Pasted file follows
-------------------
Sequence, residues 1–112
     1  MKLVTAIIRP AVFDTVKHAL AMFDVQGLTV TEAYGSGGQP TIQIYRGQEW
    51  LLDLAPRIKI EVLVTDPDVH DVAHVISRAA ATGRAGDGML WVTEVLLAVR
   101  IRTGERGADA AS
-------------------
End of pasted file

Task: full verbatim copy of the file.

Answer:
Sequence, residues 1–112
     1  MKLVTAIIRP AVFDTVKHAL AMFDVQGLTV TEAYGSGGQP TIQIYRGQEW
    51  LLDLAPRIKI EVLVTDPDVH DVAHVISRAA ATGRAGDGML WVTEVLLAVR
   101  IRTGERGADA AS